From September 2014, scuba divers and ocean lovers in the United Kingdom will be able to immerse themselves in the wonders of the ocean without getting wet as the International Ocean Film Festival hits UK theatres for the first time.
The festival, which originates in Australia, will feature a selection of the world’s most captivating ocean-themed short films and will be shown in 17 towns and cities across the UK including Bristol in the South West where Project AWARE will be exhibiting.
I've organized a lot of cleanups in my time. Whether it's helping a dive center organize a Dive Against Debris survey or running large scale event for Project AWARE, my life for 10 years now has been pretty much surrounded by rubbish.
September is Project AWARE’s Debris Month of Action – a time when thousands of scuba divers around the world unite and take action against marine debris – the ocean’s silent killer. But don’t think of it as just a one-time dive to take out the trash. It’s so much more than that. It’s a rallying cry. A rumble, if you will, with one of the biggest ocean issues of our time – marine debris.
With clear waters and rocky scenery, Malta and Gozo, the beautiful southern European islands in the Mediterranean Sea, boast some of the best diving in Europe. They also boast some of the most passionate and dedicated AWARE divers and shark activists. From running a marathon to Diving Against Debris to support Project AWARE’s global campaigns - Sharks in Peril and Marine Debris - no challenges are too small for Malta’s dive community.
The European Commission (EC) has expressed its disappointment with the outcomes of the 87th Annual meeting of the Inter American Tropical Tuna Commission (IATTC), which finished on 18 July in Lima, Peru.
I recently returned from South Africa where I attended a conference and a workshop to help better understand current and develop new, much needed, global conservation strategies for sharks, as well as mantas and devil rays. In the past month, Project AWARE has joined leading researchers and policy experts to envision the future, verbalize clear goals, and discuss the actions needed to protect these species.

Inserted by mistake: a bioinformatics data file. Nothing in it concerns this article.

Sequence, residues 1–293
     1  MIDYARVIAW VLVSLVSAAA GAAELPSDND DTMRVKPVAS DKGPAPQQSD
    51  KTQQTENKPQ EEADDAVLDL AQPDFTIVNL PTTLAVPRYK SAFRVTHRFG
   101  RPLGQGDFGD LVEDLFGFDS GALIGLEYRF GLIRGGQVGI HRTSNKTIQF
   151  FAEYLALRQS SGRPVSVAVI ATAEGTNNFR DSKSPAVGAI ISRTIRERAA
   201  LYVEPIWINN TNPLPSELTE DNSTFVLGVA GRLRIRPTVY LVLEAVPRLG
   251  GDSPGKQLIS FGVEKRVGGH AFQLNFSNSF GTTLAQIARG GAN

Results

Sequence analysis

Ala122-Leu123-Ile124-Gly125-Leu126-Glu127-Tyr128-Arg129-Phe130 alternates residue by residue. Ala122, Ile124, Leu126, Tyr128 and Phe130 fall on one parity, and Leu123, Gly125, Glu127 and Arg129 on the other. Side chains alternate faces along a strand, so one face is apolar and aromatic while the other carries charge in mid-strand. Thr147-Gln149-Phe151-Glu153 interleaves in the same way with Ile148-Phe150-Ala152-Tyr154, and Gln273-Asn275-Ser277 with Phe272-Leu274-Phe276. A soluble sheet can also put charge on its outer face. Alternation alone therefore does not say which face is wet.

Scuba divers are swimming to end finning as part of the Project AWARE Finathon, a year-round fundraising challenge, showing they are FINatical about protecting sharks. Their fundraising efforts are helping us Fight, Insist, Negotiate for the protection of threatened shark species.
When John Mitchell, YuDiving dive centre owner in Manchester UK, asked his team if they were up for a Finathon challenge to help raise funds for sharks, they unanimously said yes. They had a moment of hesitation though when he announced that they would have to swim the English Channel. Well, the distance of the English Channel in the pool to be more precise.
Jarret Voorhies, a 15 year old scuba diver and race car driver has gone the distance to raise awareness for shark protection and taken Project AWARE’s Finathon into overdrive. He wanted to dig deep to share his passion for ocean protection but combine his racing pursuits, creating the super rally that he calls Winning to End Finning.
The go-karts and helmets were provided on July 13, 2014 at Pole Position Raceway in Frisco, Texas where 49 drivers raced to support shark protection.
Braving chilly 9°C waters, 14 divers at Dive HQ Christchurch in New Zealand took the plunge to Dive Against Debris last weekend joining thousands of divers across the world fighting back against marine debris. “We had a great morning on Sunday and got quite a good haul considering it was a first time for us,” said Colin Wadeson from Dive HQ Christchurch.
Fishing minister George Eustice promises to argue the case for precautionary catch limits for overfished species.
The UK government has pledged to fight the unlimited fishing that leads to millions of sharks being killed by EU boats in the Atlantic every year.
Numerous species once widely fished by the EU, such as the porbeagle shark, have already been driven to near extinction in the Atlantic. But other species, like the blue shark, continue to be caught in huge numbers by EU boats because there are no limits on their exploitation.
The health of the global ocean is in decline and a five-year integrated rescue package is what’s needed to bring it back to life, according to a new report by the Global Ocean Commission.
The Commission has spent 18 months looking in to the decline of the ocean and has come up with a rescue package of eight proposals to restore and protect its natural capital and services. Its findings identified a lack of adequate governance on the high seas as the key issue.
Concern is growing over the threat that widespread plastic waste poses to marine life, with conservative estimates of the overall financial damage of plastics to marine ecosystems standing at US$13 billion each year, according to two reports released on the opening day of the first United Nations Environment Assembly.